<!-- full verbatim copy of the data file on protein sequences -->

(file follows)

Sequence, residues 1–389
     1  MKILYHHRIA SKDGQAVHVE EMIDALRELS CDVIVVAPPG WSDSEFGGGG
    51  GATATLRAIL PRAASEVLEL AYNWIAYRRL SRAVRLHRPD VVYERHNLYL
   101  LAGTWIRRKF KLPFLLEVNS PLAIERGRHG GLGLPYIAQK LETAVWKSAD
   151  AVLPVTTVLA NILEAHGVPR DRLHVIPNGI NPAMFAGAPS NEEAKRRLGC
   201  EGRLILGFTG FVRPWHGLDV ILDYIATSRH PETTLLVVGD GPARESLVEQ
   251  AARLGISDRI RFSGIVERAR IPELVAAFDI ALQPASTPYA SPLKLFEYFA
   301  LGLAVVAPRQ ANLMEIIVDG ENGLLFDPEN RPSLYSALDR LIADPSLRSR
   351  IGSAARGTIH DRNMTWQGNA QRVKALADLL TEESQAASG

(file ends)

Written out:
Sequence, residues 1–389
     1  MKILYHHRIA SKDGQAVHVE EMIDALRELS CDVIVVAPPG WSDSEFGGGG
    51  GATATLRAIL PRAASEVLEL AYNWIAYRRL SRAVRLHRPD VVYERHNLYL
   101  LAGTWIRRKF KLPFLLEVNS PLAIERGRHG GLGLPYIAQK LETAVWKSAD
   151  AVLPVTTVLA NILEAHGVPR DRLHVIPNGI NPAMFAGAPS NEEAKRRLGC
   201  EGRLILGFTG FVRPWHGLDV ILDYIATSRH PETTLLVVGD GPARESLVEQ
   251  AARLGISDRI RFSGIVERAR IPELVAAFDI ALQPASTPYA SPLKLFEYFA
   301  LGLAVVAPRQ ANLMEIIVDG ENGLLFDPEN RPSLYSALDR LIADPSLRSR
   351  IGSAARGTIH DRNMTWQGNA QRVKALADLL TEESQAASG